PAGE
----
After more than a year of campaigning, voting in the 2016 presidential campaign has begun — citizens around the country are submitting absentee ballots and lining up at their local courthouses to cast early votes. The leading contenders are Hillary Clinton, the Democrat, and Donald Trump, the GOP nominee. Third-party candidates like Jill Stein, Gary Johnson and Evan McMullin are also on the ballot.
Who deserves your vote? Joel Mathis and Ben Boychuk, the RedBlueAmerica columnists, debate the issue.
Hillary Clinton isn’t my favorite presidential candidate ever.
Her Senate vote in favor of the invasion of Iraq still rankles. Her cozying up to Wall Street leaves a bad taste in my mouth. Her reflexive defensiveness against GOP criticism leads to unforced errors like the email scandal.
Then again, I felt the same way about her husband way back in the late 1990s. As a result? In 2000, I cast my presidential vote for Ralph Nader. And I wasn’t the only one. There are a lot of reasons George W. Bush entered the White House after that election, and liberal disillusionment with centrist Democratic politicians was one of them.
Turns out, we were wrong. Or, at least, not entirely right.
The Bush years ended up being much worse. A budget surplus became a deficit again. America responded to 9/11, in part, by abandoning the country’s laws and values in favor of embracing torture and warrantless surveillance. We got bogged down in an endless war with a country that had nothing to do with the attacks. At the end, the economy was in tatters. Republican governance was devastating for the country.
If you’re a liberal, this is why you should vote for Clinton: Because she alone among the presidential candidates is prepared to defend and advance the achievements of the Obama years —everything from expanded health insurance to higher taxes on the rich to executive action on climate change. It’s a long list of accomplishments. It deserves defense.
If you’re on the fence, here’s why you should vote for Clinton: Because Donald Trump is, quite simply, awful. He might be appealing in some of his stances, such as his refusal to simply accept orthodoxy on trade and foreign policy, but his temperament renders him unfit for office: He is consumed with personal grievances instead of the business of the American people.
There is plenty of that business to be done. Clinton may be imperfect, but this year’s field doesn’t offer a better option. She’s the best candidate to represent and lead the American people.
A vote for Hillary Clinton is a vote for at least four years of triangulation and permanent campaigning — the seamless interweaving of policy and polling that made her husband’s political career so successful. It’s also a vote to undermine the Constitution. No, that isn’t an exaggeration.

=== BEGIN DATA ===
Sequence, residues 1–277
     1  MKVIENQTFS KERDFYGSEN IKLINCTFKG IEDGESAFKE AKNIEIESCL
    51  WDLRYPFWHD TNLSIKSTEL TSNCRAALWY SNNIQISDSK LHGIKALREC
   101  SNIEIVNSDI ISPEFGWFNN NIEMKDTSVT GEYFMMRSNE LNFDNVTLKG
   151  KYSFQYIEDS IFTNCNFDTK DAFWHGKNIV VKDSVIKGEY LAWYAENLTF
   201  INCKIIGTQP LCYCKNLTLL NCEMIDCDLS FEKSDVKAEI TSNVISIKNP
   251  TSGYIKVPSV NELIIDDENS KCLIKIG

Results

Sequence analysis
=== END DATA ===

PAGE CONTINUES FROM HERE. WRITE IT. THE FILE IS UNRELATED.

After her stint as secretary of state, Clinton delivered 45-minute speeches to big banks for around $225,000 a pop. Nice work if you can get it. (Sorry, you can’t.)
In 2013, she told a group of Brazilian bankers that her “dream is a hemispheric common market with open trade and open borders.” At the third and final presidential debate, she claimed she had been talking about green energy. She wasn’t.
Then again, truth has always been the first casualty of Clinton’s ambitions. In another speech, she told her audience that as a politician, “(Y)ou need both a public and a private position.” Her private position, when she’s paid handsomely to offer it, is quite a bit different from what she’s willing to say publicly to U.S. voters.
She’s somewhat less coy about her contempt for the First Amendment and free speech. Clinton has been open about her vow to appoint judges who will overturn the Supreme Court’s Citizens United ruling, which liberals have made out to be the worst decision since Dred Scott.
Only once in awhile will she mention that the case had to do with a private organization broadcasting a movie critical of her. And she never mentions that the federal government argued that it could ban movies and even books under the 2002 law that the Supreme Court quite rightly found in conflict with the First Amendment’s protections against censorship of speech and the press.
Imperfect? No. She’s corrupt. And she’s made violating her oath of office — “to preserve, protect and defend the Constitution of the United States” — central to her campaign.
Republicans agonizing over their votes say they want to be true to their consciences. But Republicans who cast their ballots for Clinton have no recourse to moral rectitude or sound ethics.
Don’t like Trump? Fine. Vote for anybody you like. Or vote for no one. Just don’t vote for her.
Joel Mathis is an award-winning writer in Kansas. Ben Boychuk is managing editor of American Greatness. Reach them at email@example.com, firstname.lastname@example.org, or www.facebook.com/benandjoel.